Up, Up and Away to Survey Raptors in Nebraska

By August 30, 2013Partners, Science

In early June, a LightHawk pilot and his wife volunteered their time and plane to help Rocky Mountain Bird Observatory with a census of Ferruginous Hawks and Golden Eagles nesting in the panhandle region of western Nebraska.

Ferruginous Hawk

A Ferruginous Hawk feeds its chicks at a nest in western Nebraska. Photo by Bob Grier.

RMBO has been working with Nebraska Game and Parks for the past decade to conduct aerial surveys of nesting sites. The purpose of these flights is to track nesting activities for Ferruginous Hawks and Golden Eagles and use that information to assess population stability. Biologists can view from a plane whether an adult is incubating her nest or if chicks are present.

In Nebraska, both species only breed within a handful of counties in the panhandle. Ferruginous Hawks and Golden Eagles are species of concern for biologists, vulnerable to habitat loss and fragmentation and the potential for wind energy development.

During the June surveys, RMBO checked 83 historical Ferruginous Hawk and Golden Eagle nests and 25 Ferruginous Hawk manmade nesting platforms (all but 5 sites were checked by aerial surveys with LightHawk over three days). Biologist Larry Snyder said 13 of the historic nests were found to be active this year, down an estimated 15% from historic data. He also noted that one of the 25 platforms was active, but with a Red-tailed Hawk.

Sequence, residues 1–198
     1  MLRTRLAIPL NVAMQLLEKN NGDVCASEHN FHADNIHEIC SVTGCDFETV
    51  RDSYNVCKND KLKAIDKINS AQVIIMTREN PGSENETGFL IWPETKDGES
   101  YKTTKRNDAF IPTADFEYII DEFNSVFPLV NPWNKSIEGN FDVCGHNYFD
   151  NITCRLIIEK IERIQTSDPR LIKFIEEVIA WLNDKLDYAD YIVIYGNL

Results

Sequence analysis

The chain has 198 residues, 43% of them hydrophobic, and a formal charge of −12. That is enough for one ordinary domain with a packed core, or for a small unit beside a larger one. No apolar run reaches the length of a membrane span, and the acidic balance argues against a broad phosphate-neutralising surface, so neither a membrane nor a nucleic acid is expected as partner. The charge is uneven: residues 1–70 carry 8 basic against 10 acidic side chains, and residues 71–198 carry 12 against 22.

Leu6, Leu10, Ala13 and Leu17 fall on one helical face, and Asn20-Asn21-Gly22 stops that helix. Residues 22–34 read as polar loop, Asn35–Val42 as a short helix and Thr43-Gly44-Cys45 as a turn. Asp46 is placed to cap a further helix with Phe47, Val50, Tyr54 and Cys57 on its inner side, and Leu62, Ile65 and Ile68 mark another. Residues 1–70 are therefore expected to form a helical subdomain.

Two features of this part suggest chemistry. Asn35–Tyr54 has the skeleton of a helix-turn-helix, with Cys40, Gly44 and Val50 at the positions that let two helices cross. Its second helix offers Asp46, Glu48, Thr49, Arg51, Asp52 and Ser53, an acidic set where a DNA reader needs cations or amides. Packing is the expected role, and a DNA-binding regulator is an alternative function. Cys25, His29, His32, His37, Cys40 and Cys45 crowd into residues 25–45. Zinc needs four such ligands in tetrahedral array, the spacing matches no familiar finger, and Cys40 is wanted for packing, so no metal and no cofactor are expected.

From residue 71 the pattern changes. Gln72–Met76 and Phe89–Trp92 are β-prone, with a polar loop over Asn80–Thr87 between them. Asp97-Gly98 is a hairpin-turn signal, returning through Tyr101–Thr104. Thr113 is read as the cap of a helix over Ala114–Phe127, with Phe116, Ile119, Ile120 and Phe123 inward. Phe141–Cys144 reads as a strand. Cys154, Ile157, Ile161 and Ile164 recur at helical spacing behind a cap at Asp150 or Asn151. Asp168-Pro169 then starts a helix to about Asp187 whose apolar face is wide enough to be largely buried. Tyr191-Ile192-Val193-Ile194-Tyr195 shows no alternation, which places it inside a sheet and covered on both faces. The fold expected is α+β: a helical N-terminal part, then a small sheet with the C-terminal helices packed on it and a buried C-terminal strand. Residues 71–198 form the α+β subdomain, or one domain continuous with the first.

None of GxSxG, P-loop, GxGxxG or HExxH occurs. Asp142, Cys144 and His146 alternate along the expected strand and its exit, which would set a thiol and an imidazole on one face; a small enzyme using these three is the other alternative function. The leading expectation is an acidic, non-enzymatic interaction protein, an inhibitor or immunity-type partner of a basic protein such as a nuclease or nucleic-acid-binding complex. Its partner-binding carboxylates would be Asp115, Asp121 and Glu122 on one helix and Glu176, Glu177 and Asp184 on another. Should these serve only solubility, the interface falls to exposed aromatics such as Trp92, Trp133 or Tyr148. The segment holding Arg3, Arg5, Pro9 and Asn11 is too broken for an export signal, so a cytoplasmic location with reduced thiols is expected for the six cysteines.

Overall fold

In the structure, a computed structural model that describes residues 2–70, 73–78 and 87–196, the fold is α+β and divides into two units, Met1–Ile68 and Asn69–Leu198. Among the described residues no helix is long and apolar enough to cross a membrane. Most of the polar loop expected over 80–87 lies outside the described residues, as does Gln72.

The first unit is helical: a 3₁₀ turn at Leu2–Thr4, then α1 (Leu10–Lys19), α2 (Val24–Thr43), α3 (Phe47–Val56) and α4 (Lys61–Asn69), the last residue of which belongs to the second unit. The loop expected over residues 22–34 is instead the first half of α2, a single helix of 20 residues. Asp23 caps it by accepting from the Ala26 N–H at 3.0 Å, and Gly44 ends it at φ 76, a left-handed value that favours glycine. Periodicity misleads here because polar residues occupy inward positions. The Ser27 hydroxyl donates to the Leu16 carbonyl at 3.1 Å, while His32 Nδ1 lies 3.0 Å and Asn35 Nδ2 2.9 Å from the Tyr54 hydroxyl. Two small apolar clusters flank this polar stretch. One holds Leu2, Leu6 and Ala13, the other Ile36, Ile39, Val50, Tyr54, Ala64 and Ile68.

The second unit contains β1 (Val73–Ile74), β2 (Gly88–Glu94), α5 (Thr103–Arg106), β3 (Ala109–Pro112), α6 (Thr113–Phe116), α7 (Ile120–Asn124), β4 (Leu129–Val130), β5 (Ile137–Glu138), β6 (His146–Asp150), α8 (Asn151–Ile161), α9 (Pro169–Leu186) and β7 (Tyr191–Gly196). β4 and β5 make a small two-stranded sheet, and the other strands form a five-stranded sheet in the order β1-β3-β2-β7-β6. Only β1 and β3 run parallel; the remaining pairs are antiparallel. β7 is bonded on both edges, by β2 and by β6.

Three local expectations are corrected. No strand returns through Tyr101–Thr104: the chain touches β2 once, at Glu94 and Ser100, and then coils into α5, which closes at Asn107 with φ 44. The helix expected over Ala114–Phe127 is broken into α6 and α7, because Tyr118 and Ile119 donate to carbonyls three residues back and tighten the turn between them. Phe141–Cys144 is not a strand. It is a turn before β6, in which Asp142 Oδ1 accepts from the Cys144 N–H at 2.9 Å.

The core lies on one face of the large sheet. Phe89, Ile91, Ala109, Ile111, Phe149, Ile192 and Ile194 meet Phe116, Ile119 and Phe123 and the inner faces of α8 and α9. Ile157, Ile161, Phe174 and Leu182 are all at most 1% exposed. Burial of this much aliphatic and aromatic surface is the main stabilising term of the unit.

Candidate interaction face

Thank You, LightHawk!

The pilot and his wife volunteered through LightHawk, an organization that provides pilots, aircraft and resources to conservation organizations. In addition to flights in Nebraska, LightHawk pilots assisted RMBO stewardship staff with aerial surveys of playa lakes in need of restoration in Weld County, Colo., in June and plans are in the works to survey potential Black Swift nesting sites in Wyoming.


LightHawk pilot Carl Mattson, left, poses by his plane with RMBO’s Larry Snyder, Clay Edmondson and Angela Dwyer. Photo by Julie Boyd.

~ Angela Dwyer, Wildlife Biologist